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Indiana University’s 2-Trap Simulated Pressures

Dec 5, 2021 | The LAB, Defense, Simulated Pressure Concepts, Pressure

By Mike Kuchar with Kasey Teegardin
Outside Linebacker Coach/Special Teams Coordinator
Indiana University
Twitter: @CoachTee34

 

 

The 2020 season produced a ton of first for the Indiana football program. A final #12 ranking in the AP Top 25 was the first since 1988. It was also the first time in quite a while that the Hoosier defense led the county in takeaways, producing over 2 steals per game. It was also number one nationally in red zone defense, producing a 64% win percentage in that area of the field.  Much of that success was directly attributed to the Hoosiers trap pressure package, which they ran on over 40 percent of snaps. It was built as a complement to change up the looks, and the single high windows that Indiana was using in 2019 on over 87% of snaps. “We were getting killed in the RPO and vertical game,” defensive staffer Jeff McInerney told me. “These sims gave us a way to hang in there against the run and to play better against RPO’s. And that’s why we did it.”

It turned out to be a great look in the red zone and, as detailed below, against condensed formations. “We ran it all the way to the goal line,” Coach Teegardin told me. And since losing defensive coordinator Kane Wommack to the head post at South Alabama- who currently is among the nation’s leaders in red zone defensive efficiency- the Hoosier’s have yet again changed their defensive identity. But last summer I had the opportunity to meet with outside linebackers’ coach Kasey Teegardin to talk specifically about the concept and how he used it to defend the multitude of offenses in the Big 10.

 

Indiana Personnel:

Husky - Alley player to passing strength (aka Nickel)

Bull - Drop End

End - Big End

Tackle - 3 Tech

Nose - Nose

Stinger - Weakside inside linebacker

Mike - Strongside inside linebacker

Rover - Passing strength safety

FS - Boundary safety

CB’s - Indiana doesn’t rotate its corners. They play both left and right.

 

Indiana’s trap pressure simulations are categorized by the following:

 

Mike or Stinger Pressure:

 

Husky (Nickel) Pressure:

 

They are named after fruits and are built off two common front structures based on the placement of the 3-technique in the Hoosiers four-down outfit.

 

“Apple”- 3- technique is weak. Tells the 2i technique is in the boundary. Nose must loop for contain when pass develops.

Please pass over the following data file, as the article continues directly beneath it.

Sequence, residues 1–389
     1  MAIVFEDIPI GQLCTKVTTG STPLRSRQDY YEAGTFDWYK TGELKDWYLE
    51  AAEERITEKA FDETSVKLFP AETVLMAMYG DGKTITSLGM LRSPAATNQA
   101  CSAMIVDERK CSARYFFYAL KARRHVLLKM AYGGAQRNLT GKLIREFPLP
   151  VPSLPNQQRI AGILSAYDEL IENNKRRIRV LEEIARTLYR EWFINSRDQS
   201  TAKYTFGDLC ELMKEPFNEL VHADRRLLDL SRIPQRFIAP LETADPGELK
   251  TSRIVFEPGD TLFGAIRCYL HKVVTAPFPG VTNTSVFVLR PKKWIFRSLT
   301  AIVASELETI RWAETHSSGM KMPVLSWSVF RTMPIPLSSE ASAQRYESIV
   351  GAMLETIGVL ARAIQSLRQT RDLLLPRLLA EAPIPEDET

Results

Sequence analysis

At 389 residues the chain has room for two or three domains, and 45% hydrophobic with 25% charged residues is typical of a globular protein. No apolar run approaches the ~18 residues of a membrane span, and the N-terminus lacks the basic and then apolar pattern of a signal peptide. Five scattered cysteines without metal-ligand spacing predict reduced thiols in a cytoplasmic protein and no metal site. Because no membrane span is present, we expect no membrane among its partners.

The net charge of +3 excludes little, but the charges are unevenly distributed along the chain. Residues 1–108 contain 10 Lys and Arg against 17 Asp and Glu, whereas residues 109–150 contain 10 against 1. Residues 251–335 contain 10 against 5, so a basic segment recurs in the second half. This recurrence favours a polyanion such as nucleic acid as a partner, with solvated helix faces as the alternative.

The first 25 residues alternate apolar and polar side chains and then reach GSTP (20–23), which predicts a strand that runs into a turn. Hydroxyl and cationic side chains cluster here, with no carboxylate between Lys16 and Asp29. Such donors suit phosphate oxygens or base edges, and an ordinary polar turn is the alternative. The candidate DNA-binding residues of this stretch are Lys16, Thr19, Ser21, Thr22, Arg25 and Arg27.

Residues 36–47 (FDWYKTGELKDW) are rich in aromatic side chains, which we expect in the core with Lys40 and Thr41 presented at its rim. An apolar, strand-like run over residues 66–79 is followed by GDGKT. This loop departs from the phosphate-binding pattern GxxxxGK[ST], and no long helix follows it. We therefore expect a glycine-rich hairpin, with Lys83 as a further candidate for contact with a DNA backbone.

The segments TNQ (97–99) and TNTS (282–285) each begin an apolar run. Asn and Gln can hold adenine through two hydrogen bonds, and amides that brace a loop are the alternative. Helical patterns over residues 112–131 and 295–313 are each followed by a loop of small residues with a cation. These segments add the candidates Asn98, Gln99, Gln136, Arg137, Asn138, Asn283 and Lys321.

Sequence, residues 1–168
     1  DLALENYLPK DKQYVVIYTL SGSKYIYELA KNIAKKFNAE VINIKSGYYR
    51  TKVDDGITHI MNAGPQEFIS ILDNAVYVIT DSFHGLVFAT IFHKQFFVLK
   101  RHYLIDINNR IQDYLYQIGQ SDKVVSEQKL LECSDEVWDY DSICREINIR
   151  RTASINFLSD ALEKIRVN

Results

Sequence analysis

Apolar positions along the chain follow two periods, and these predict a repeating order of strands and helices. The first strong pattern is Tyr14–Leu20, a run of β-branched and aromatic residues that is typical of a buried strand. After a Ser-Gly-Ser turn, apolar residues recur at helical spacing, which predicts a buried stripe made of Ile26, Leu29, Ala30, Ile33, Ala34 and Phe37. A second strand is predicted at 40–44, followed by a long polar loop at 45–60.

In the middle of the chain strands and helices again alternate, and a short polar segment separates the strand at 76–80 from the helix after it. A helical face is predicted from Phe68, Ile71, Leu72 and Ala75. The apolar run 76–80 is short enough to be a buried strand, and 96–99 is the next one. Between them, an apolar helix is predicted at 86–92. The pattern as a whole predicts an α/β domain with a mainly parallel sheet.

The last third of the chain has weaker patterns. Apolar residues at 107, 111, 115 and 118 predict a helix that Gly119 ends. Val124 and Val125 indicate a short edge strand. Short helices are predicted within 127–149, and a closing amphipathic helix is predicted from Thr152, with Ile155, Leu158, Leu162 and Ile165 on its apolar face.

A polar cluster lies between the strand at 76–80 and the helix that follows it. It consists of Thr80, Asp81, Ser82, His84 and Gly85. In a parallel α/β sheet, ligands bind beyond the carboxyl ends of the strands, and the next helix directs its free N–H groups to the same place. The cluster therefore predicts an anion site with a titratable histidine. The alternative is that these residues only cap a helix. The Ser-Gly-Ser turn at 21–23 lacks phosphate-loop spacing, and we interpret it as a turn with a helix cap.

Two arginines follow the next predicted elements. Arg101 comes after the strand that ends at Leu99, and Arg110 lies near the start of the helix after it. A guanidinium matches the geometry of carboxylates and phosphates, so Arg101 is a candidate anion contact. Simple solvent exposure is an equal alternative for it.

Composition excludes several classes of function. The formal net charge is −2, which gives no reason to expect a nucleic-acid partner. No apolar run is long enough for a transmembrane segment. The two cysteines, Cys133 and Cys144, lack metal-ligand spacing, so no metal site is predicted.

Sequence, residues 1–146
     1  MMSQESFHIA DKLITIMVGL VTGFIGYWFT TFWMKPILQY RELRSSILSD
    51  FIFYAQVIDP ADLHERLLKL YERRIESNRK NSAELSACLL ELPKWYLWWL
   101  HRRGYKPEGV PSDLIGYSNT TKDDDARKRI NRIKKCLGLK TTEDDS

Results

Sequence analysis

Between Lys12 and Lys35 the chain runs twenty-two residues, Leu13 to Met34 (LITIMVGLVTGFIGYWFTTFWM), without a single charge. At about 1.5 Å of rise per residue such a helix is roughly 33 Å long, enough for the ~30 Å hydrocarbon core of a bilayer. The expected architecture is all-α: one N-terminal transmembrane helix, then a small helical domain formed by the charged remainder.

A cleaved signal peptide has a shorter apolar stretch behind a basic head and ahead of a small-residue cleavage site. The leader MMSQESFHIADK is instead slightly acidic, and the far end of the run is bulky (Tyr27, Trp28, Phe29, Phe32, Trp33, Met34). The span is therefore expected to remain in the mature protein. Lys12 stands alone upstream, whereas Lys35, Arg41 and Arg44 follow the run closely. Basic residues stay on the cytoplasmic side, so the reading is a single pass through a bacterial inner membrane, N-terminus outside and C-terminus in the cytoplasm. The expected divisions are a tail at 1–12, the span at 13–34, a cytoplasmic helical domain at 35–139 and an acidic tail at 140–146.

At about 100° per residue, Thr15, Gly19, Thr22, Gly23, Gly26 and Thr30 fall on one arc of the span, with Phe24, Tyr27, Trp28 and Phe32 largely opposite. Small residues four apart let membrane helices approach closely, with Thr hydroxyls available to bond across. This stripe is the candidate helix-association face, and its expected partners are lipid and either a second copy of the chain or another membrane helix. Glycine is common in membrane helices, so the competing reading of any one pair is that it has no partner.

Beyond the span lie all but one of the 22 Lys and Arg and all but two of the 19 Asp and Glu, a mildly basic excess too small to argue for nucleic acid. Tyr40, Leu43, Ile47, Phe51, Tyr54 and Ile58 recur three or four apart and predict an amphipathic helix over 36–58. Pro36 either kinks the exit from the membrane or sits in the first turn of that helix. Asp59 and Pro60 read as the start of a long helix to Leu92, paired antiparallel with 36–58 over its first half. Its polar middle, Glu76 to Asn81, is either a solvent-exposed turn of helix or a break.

Below are two pictures of either Mike or Stinger Pressure from the Apple front.

 

“Radish”- Tells the 3-technique to go to the field; Nose must be looper and take the trip for contain.

Below are three pictures of either Mike or Stinger Pressure from the Apple front.

 

“Melon”- Walks the Mike up as a penetrator and to skin the Nose. It’s a mug look with the intent to steal the Center and Guard.  The Mike takes one up the field and slams into Guard and go up and wrap to steal the Center and Guard. The Tackle is on an automatic wrap.

Below are two pictures of the Mike pressure from the Melon front:

 

These pressure can all be checked based on “by rules,” either 2x2 or 3x1 formations. In most cases, the Mike pressures in 2x2 and the Stinger pressures in 3x1. Another option is tagging the pressure to the back. All of which is explained later in the report.

 

Two Deep Pressure Coverage:

Like all defensive coordinators, we’ll start with the coverage structure. These are two-deep, trap coverage simulated pressures which means that the corners will be asked to play the flat and be in run support. With a four man simulated rush, the seven coverage defenders will lay out in the following progressions:

  • Flat Defenders (2)
  • Seam Defenders (2)
  • Hash Defenders (2)
  • Hole Defender (1)

 

Of course, who these defenders are will be predicated on the rush itself. As detailed later, the “Bull” or boundary defensive end can often be added to the rush as a fifth rusher based on the formation structure.

The coverage is the coverage, but why these concepts worked so well in 2020 basically comes down to how Coach Teegardin and the defensive staff under defensive coordinator Kane Wommack were able to “steal” defenders in the run game, by alleviating them from pass responsibility. That came in two ways: with pre-snap communication from coverage defenders to trigger blitzes by formation and the post-snap “Center read” principle that was built in for the Mike and Stinger to quickly identify and react off block progressions to get an extra defender in the run game.

The rest of this report focuses solely on these two important distinctions.